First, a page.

Commentary Magazine


The Abandoned Revolution

The news from Lebanon is getting worse and worse. On Wednesday, François Hajj, a prominent general in the Lebanese Army, was killed in a massive car bombing near Beirut. He is the ninth Lebanese political figure to be murdered since the car-bombing of Rafik Hariri in 2005 kicked off Syria’s killing spree.

The rationale behind Hajj’s murder is the same rationale that has been behind every such assassination, save for a few small strategic details. As Walid Phares notes,

the slain commander had in past months and years refused to accept Hezbollah’s exclusive areas of control in south Lebanon and in the Bekaa valley. Moreover he was credited for coordinating the Lebanese Army offensive against the Fatah [al-] Islam Terror group in Nahr al Bared camp in north Lebanon over the summer. The strike can be understood as a message to the Lebanese Army not to attempt to confront terror groups in the future, including Hezbollah.

Michael Young, who is always required reading on Lebanon, adds that

The Syrians are accelerating their return to Lebanon, and the disastrous French initiative on the presidency only confirmed to them that the international community would readily engage Syria on Lebanon. As for the United States, it has been comatose. . . . The French and the Americans have been neutralized in Lebanon. . . . Creating a [political power] vacuum is not a strategy; it is a tactic designed to bring someone to power on Syria’s terms. Damascus wants exclusivity in the next Lebanese president, but without its armed forces in the country to impose this, a new officeholder might prove too independent.

Those are the specific reasons, but the larger reason is Syria’s dedication to regaining its former prominence in the eastern Mediterranean. As Tony Badran writes in an excellent post about the assassination,

Assad wants an American and regional (read Saudi) mandate for his colonization of Lebanon. This is the same reason why he wants talks with the Israelis, as he believes that would be his ticket to the U.S., and consequently, for his return to Lebanon. The Europeans and Arabs thought, and some might still think, that if you offer Syria the prospect of the Golan, then they would leave Lebanon alone.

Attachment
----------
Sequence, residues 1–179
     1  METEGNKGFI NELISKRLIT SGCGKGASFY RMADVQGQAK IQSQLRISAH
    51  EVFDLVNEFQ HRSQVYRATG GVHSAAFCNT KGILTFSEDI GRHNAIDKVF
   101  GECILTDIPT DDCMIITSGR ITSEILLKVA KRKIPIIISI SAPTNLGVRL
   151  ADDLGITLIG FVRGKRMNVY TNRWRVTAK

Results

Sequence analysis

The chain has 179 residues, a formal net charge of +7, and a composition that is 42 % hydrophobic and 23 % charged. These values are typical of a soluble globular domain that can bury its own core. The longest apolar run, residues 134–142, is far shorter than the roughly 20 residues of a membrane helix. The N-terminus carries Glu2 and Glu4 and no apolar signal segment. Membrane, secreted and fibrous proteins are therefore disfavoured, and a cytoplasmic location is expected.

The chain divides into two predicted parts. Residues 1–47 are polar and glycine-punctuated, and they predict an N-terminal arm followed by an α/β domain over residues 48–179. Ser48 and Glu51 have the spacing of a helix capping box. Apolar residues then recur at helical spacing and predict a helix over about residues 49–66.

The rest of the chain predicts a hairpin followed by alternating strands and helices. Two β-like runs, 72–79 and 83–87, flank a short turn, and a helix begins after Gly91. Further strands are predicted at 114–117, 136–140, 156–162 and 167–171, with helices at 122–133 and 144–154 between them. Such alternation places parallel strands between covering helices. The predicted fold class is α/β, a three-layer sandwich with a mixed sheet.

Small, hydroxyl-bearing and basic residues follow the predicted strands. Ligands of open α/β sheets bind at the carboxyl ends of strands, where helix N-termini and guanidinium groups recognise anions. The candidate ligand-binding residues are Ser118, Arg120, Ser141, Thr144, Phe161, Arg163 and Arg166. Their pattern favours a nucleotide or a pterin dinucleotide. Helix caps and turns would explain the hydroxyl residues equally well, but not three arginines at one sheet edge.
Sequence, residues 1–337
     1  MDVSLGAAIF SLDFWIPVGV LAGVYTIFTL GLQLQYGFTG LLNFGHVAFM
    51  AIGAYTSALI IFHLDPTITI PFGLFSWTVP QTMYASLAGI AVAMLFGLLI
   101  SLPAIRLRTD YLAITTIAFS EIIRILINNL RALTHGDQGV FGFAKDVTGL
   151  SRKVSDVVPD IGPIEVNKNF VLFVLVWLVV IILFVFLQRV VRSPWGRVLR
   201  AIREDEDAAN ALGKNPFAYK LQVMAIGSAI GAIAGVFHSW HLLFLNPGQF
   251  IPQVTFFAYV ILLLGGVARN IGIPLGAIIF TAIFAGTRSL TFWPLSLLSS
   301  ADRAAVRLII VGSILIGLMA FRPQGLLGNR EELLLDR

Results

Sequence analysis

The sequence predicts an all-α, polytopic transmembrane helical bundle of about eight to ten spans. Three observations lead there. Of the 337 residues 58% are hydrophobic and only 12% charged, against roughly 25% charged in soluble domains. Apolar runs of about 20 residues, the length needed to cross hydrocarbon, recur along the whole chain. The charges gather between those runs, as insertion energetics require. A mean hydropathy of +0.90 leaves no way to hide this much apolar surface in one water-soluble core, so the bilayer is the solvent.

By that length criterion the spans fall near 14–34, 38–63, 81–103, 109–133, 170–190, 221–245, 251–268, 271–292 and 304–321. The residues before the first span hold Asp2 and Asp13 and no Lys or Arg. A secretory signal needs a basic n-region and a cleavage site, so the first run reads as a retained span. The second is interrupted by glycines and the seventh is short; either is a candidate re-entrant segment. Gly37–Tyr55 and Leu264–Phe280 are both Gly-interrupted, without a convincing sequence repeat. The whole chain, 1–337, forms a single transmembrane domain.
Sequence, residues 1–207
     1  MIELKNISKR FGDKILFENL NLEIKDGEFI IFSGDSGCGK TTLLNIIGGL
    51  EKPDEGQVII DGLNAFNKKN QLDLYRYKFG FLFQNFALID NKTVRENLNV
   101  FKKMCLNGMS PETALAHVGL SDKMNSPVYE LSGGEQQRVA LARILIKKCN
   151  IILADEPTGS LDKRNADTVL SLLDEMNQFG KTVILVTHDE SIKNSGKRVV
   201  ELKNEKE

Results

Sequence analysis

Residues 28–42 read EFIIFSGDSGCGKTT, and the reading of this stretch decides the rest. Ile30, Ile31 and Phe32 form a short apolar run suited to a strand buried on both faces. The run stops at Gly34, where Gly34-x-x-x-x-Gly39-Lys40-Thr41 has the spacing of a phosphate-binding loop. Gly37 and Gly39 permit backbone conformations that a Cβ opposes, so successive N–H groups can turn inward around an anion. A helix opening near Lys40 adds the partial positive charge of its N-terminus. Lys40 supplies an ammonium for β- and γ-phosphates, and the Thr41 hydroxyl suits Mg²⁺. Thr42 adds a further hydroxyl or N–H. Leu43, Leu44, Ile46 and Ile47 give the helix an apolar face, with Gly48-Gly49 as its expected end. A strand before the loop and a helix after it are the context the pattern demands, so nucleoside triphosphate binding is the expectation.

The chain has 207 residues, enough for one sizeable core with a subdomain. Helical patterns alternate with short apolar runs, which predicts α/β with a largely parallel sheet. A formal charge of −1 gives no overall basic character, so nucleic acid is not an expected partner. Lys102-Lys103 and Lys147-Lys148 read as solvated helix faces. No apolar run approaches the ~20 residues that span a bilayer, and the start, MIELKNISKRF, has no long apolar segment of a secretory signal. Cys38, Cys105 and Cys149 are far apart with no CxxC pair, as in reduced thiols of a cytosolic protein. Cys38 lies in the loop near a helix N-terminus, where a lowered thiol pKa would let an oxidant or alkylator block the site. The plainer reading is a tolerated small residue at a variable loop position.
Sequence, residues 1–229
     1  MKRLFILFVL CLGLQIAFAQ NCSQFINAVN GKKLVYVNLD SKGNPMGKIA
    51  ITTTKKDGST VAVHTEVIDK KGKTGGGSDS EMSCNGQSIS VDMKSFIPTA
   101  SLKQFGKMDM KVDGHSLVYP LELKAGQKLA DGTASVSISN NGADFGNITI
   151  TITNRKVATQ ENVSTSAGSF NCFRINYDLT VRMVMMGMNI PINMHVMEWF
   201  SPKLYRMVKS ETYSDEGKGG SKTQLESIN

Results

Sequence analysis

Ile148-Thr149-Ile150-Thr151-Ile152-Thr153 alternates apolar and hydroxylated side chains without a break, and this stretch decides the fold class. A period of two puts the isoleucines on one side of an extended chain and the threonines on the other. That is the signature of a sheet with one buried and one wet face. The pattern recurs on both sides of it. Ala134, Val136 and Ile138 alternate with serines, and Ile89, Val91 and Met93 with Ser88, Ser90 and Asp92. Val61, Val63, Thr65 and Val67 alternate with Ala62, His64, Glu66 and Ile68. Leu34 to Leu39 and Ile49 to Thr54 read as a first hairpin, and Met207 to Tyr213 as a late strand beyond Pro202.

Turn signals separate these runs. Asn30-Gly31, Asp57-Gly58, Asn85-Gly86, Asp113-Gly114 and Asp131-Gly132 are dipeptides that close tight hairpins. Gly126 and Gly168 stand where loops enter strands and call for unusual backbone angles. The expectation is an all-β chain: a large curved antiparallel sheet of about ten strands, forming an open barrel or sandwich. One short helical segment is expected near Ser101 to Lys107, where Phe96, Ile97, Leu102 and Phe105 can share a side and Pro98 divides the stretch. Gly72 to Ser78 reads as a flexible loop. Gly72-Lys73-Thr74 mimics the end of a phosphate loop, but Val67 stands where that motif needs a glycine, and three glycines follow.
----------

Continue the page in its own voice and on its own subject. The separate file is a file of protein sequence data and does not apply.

The problem with the way America and France view Syria is in thinking that the Assad regime is possessed of a set of discrete interests, each of which can be isolated and placated on its own terms. It would make our job easier if the Syrians actually thought this way, but there is no evidence that they do. The Syrian “interests” that we fret over are only the tips of an iceberg, a grand vision in which Syria pursues what it believes is a rightful ambition to regain its former glory as a preeminent regional power. Suddenly it doesn’t look like another Nancy Pelosi listening tour of Damascus is going to make much of a difference, does it?

One of the fundamental tasks of American foreign policy in the post-9/11 era should have been the establishment in the Middle East of a very simple principle: that the United States will defend its friends and punish its enemies. In Lebanon, as Syria methodically murders the leaders of the Cedar Revolution, we are again sending the wrong signals — that we will abandon our friends if loyalty to them becomes inconvenient or costly, and we will reward our enemies when we tire of their intransigence. Nothing good will come of this, either for us or for the brave and beleaguered Lebanese patriots whom we promised not to abandon.